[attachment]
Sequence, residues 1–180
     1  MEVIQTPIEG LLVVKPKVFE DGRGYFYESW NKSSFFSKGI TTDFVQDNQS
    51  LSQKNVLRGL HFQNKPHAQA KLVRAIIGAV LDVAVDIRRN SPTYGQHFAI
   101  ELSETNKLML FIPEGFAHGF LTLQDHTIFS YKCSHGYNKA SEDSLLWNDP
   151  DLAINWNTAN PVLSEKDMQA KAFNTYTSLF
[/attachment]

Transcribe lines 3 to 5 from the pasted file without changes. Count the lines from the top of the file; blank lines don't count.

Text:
    51  LSQKNVLRGL HFQNKPHAQA KLVRAIIGAV LDVAVDIRRN SPTYGQHFAI
   101  ELSETNKLML FIPEGFAHGF LTLQDHTIFS YKCSHGYNKA SEDSLLWNDP
   151  DLAINWNTAN PVLSEKDMQA KAFNTYTSLF